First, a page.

Costa Rica's waters also boast an abundance of sea life flourishing just beneath the surface. In the waters of the Osa Peninsula, awe inspiring sights include dolphins and birthing humpback whales, while back in the waters of the Manzanillo, the Tucuxi and bottle nose dolphins have been known to make an appearance.
For a view from below, diving and snorkeling provide a look into a realm governed by otherworldly creatures and fantastically colorful life forms. Manzanillo Beach on the Caribbean coast, Ocotal Beach in the North Pacific and Cano Island in the South Pacific are just three of the many options from which to choose.
In the warm waters of the Caribbean, in the clear waters of the Pacific or in the lakes, lagoons and hot springs deep within its interior, Costa Rica offers something for everyone. The only difficult decision is where to start.
Costa Rica's underwater wonders range from coastal coral reefs to offshore islands. Those varied dive spots contain diverse and beautiful marine life that includes giant manta rays, timid sea turtles, colorful angel fish, intricate coral formations, psychedelic sea slugs, spiny puffer fish, delicate sea fans, curious dolphins and, on rare occasions, whales. Though the country's waters contain enough marine life to please the most experienced of divers, you need be little more than a curious swimmer to catch a glimpse of some of its underwater sights, since there are plenty of spots that are perfect for snorkelling. Costa Rica is also an excellent place to learn how to scuba dive, since most dive centers offer inexpensive certification courses in English that can be completed in less than a week.
There are several excellent snorkeling areas along the southern Caribbean coast. The country's largest coastal reef is protected within Cahuita National Park, south of the town of the same name, where you can rent snorkeling equipment and hire people to take you out in boats. The point at Puerto Viejo, south of Cahuita, also has a coral reef wrapped around it that makes for convenient diving. Punta Cocles and Punta Uva, two points to the south of town, have healthier coral formations with plenty of fish around them.
Manzanillo, a small fishing village a few miles further south, also has some decent diving off shore. There are also a few good dive spots near the city of Limon, such as the water surrounding Uvita Island. The best visibility in the Caribbean is from March to early May and from mid August to mid November, but water quality can change from day to day.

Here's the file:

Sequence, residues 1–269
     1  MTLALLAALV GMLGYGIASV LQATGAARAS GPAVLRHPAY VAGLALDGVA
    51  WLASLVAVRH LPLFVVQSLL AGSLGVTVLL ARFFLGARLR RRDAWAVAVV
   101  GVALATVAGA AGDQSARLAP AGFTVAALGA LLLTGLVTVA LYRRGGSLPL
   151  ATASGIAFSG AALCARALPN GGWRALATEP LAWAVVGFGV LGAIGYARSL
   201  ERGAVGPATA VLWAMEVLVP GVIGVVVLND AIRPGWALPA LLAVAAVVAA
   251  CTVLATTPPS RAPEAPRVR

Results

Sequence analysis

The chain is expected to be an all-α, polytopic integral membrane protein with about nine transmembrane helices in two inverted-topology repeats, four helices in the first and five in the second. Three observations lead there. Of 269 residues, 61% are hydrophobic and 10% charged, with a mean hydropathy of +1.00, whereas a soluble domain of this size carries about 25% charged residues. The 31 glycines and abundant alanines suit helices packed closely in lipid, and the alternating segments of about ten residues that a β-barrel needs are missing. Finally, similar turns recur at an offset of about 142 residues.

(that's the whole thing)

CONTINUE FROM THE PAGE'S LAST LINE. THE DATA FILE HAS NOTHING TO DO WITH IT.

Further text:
The Pacific has the country's best diving, with less coral, but plenty of big fish. The most popular Pacific diving area is the Northwest, where dive centers in Playa del Coco, Ocotal and Hermosa offer trips to several spots in the Culebra Bay and the Bat Islands (Islas Murcielagos), to the Northwest, where divers often see sharks and manta rays. The dive center in Flamingo usually takes people to Santa Catalina Island, about five miles off shore, which is another good spot to see sharks and other big fish. The best visibility and water temperatures in the Northwest are found from June to September, though the conditions can change from day to day. There is good snorkeling in Curu National Wildlife Refuge, and near the beach resorts of Tambor and Montezuma. There is also usually good snorkeling off the second beach in Manuel Antonio National Park, and around the points and islands between Dominical and Marino Ballena National Park. However, the best diving off the Pacific coast is found at several underwater reefs near Caño Island, which can be explored on dive trips offered by some of the lodges in nearby Drake Bay. Contrary to the Northwest, the best visibility in the waters around Caño occurs during the dry season, though the water tends to be pretty clear year round.
Cocos Island, a national park located some 330 miles Southwest of the Costa Rican mainland has the country's best diving by far. While the Island is covered with virgin forest, the ocean that surrounds it contains abundant marine life, and the visibility is good year round. Divers at Cocos Island regularly see such impressive animals as manta rays, dolphins and hammerhead sharks, which sometimes gathering in schools of 30 or 40 animals. It takes about 36 hours to reach Cocos Island, and some companies have ships that run regular dive cruises there, which last ten days